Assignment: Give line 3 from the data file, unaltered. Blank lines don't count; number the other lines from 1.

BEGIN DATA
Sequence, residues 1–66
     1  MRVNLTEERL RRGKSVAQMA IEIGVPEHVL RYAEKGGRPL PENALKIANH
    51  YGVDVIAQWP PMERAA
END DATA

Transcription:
    51  YGVDVIAQWP PMERAA